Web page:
118

Today in a call a recruiter mentioned that I might want to consider finding something fast because having this few months out of employment "raises some questions" No it does not. A "gap" only raises questions if it's a gap. If you worked from 2011-2016 and 2018-2019 and refuse to tell me what you did in between, that is a gap. It probably means a prison ...


117

I'd say highly unlikely. You wrote: she will just rot on the couch for the rest of her life if left to her own devices. That clearly shows she does not want to get a job. Job application says she wants to get a job. Thus, any application would be a lie on that single most important point. If you apply for her, you will be lying and wasting resources of ...


114

It's OK to accept the documents but read the conditions of the visa very carefully before you move your life to Japan. You quite likely actually don't have a valid visa (and can't get one using the documentation prepared by the company), since being employed by the company sponsoring the visa is probably a condition for it to be valid.


109

Whatever you end up doing, please remember two things: ideas/big pictures are valueless without skill and experience, and skills and experience is valuable even without ideas/big picture. I strongly suggest you decide to gain more skill and experience before you focus on any end goals. Possibly in the process you will see a clearer direction for yourself.


108

I know they are going to confirm degree with previous employer as I am a recent graduate, and they will know that I lied. Why would they do that? I'm uncertain why they would call your employer rather than the university/college? Plus why would they check your grades or gpa? I never heard of that before. Typically the background process will check the ...


106

I don't see how it's a good idea in my honest opinion. When you sign a contract, you have a two month trial period (at least where I'm from), and the purpose of it is exactly what you mentioned. During that time, the company can evaluate your abilities and you can evaluate if you want to stay in the company. If you try to negotiate for a lower salary, ...


105

I personally would place a phone call or email to let them know that something came up that you weren't able to make it, and that you had decided to stay where you are rather than seek a new position. Thank them for the time, apologize for not being there when you said you would.


102

On your resume, and when asked, you should never provide any of this detail. Your resume should focus on the good things you accomplished there. When asked why you are leaving, tread carefully. No-one will listen to the entire story, which sounds hard to believe, just because of the sheer length. Yet a very short answer like "it was a toxic environment" ...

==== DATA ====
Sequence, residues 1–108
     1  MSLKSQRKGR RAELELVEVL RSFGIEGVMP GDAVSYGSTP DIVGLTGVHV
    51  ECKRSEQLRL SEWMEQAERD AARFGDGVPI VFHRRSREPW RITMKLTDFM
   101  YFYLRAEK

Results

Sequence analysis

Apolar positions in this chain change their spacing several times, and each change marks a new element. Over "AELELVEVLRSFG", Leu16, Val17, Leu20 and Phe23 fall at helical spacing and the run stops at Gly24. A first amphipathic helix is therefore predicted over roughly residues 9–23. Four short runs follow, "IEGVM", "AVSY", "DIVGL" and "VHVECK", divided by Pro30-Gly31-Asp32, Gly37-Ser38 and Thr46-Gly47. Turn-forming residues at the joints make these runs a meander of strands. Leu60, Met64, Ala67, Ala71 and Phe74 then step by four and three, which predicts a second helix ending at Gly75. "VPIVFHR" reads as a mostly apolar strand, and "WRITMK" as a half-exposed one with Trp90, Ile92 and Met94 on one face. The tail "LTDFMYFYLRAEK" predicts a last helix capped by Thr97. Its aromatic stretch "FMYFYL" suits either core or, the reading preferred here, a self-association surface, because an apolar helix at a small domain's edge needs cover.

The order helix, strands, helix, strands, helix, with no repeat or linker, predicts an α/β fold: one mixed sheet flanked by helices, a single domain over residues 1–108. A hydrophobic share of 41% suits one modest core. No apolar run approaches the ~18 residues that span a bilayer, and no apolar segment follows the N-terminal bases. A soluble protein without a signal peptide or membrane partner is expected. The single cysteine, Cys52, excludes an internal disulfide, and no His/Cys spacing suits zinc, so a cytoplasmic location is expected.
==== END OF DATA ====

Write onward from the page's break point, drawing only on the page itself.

100

You've already identified a good way to do that: Ask who the person of contact is. If the posting is fake they'll tell you as much, and if not, you avoid offending them by asking.


96

A friend once relayed a story of threats that resulted in him simply replying, “If that’s what you think you should do, then that’s what you should do.” I believe it applies here as well. It tends to make the other party realize his actions are not terribly concerning to you. I’d focus more on your view of the work environment and your relationship with ...


95

In the interview, simply ask what their flexible working policy is and indicate that you've found remote working to be productive in the past. Then see what their policy/approach is and work from there. You'll probably find out here at what point you'll be allowed to work remotely (e.g. after the probation period has elapsed). You need not make a big deal ...


94

Is this recruiter/manager trying to steal the fruits of my labor or am I just paranoid? None, this looks like a scam. Under no circumstances, you are supposed to give away the exact minute details of the working project for your current employer, let alone the source code and/or documentation. That would be a serious violation of the contract in most of ...


91

Do you think that this is a reasonable thing for an employer to ask It's fair to believe they take advantage of candidates, or are extremely unprofessional. It is not reasonable to give a time-consuming assignment (presumably a week long) to start with, but is quite over the top to be delaying an answer for 3 weeks and being suggested to work more. Do you ...


90

The points you're trying to make aren't inherently bad, but in these situations, framing is everything. I do not want to go into academia, so for me the choice was simple This sounds a bit like you're waving away any point of doing a postdoc if you don't plan on an academic career ("not planning to go into academia, so there's no point!") Instead, ...


83

Short Answer: If you have budget and requirement for an internship, then that is on offer. This person can choose to take that or not. If the role you have available is for an intern, then that is what you are offering. The person is applying for an internship as this is a requirement for their course. In the end, you have a role you are offering, and ...